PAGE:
Chris Lindenberg studied GD&T for decades while working in manufacturing. He has taught and written about GD&T for nearly ten years.
He writes this GD&T blog for Metalcraft because he says, "I’ve spent the better part of my career arguing the finer points of GD&T. These discussions are ongoing for any company that uses GD&T to manage their part geometry and control their parts’ allowable deviations from design models and standards."
This month, let’s review some definitions and rules. Let’s imagine that we’re going to make a simple part in our machine shop. The foreman returns to the quality lab or machine shop from a morning production meeting holding a customer’s drawing for a small shaft that will be sold to a customer in the aerospace […]Read More
I usually write blogs about how the symbols and rules that govern GD&T should be translated because it’s a system based on rules and definitions. What does parallelism mean? What rules govern datums used at maximum material boundaries? What exactly differentiates a regular feature of size from an irregular one? These questions are examples of […]Read More
GD&T is growing more common in our industry, which burdens us with forming a working knowledge of its convention. How we use and translate GD&T changes over the decades as new governing bodies take oversight and release new revisions. The one constant, however, is the great diversity of opinion on how to employ and translate […]Read More
Today’s manufacturing world is full of challenges and opportunities. Our shop technicians change hats hour by hour to download programs and accomplish their setups. Among other tasks, they pull material, load tools, and edit and rewrite code. They measure, adjust, and change offsets. They fill out their in-process inspection data and submit the first pieces, […]Read More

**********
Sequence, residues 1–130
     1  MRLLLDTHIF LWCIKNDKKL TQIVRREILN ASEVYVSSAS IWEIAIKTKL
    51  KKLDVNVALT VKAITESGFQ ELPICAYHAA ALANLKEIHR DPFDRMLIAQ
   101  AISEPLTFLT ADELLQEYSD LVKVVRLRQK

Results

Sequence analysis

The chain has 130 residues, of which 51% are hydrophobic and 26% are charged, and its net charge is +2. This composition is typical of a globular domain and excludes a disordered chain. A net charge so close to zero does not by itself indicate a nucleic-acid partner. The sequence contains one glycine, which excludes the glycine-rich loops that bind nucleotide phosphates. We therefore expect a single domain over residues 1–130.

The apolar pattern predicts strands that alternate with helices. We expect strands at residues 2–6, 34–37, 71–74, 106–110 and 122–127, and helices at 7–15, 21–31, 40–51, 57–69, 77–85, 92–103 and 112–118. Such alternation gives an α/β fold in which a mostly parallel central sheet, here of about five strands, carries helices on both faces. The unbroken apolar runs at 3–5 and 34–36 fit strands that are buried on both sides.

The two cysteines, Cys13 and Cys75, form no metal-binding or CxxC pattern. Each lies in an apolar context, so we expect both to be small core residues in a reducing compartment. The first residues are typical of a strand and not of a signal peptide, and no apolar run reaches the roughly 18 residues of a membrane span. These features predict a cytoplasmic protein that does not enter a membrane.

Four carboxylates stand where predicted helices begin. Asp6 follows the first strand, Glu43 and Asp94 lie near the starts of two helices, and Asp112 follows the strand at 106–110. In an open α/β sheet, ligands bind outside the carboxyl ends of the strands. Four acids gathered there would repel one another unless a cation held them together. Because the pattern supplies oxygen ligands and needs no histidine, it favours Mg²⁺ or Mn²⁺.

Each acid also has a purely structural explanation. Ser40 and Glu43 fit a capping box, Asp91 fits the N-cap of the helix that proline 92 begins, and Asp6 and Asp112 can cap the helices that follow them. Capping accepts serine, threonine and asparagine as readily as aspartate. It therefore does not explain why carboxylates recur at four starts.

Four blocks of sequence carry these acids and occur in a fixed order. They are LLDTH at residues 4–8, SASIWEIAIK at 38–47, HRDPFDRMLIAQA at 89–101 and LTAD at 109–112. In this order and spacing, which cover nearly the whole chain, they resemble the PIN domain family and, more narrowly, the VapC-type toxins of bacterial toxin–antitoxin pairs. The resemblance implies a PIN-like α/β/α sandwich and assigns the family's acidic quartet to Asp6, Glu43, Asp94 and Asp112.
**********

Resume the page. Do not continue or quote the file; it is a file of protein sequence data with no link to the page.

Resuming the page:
This month’s installment of our definition of terms will be about characteristic symbols. These symbols are what most people in the manufacturing world recognize as being what GD&T is all about and, from one perspective that’s true. Those Weird Hieroglyphic-Looking Things When the average worker in our manufacturing world first sees an example of GD&T, […]Read More
This month our definition of terms will look at regular and irregular features of size. Looking back we can see that a previous installment of our “definition of terms” looked at “features and features of size” which discussed features of size as they relate to parts and our larger scheme of geometric tolerancing. This discussion […]Read More
In our last blog post, we looked at the six common tolerance zones that appear in today’s engineering drawings. While these six make up the broad majority of tolerance zones in geometric dimensioning and tolerancing (GD&T), you may encounter another zone in a given tolerance scheme—the spherical tolerance zone. The American Society of Mechanical Engineers […]Read More
GD&T is a convention that gives the engineering world a tool that enables designed components to have both an unlimited variety of both geometric definition and tolerance. Consequently GD&T is about many things but it is ultimately about the disposition and appraisal of tolerance zones. This month our definition of terms will be about tolerance […]Read More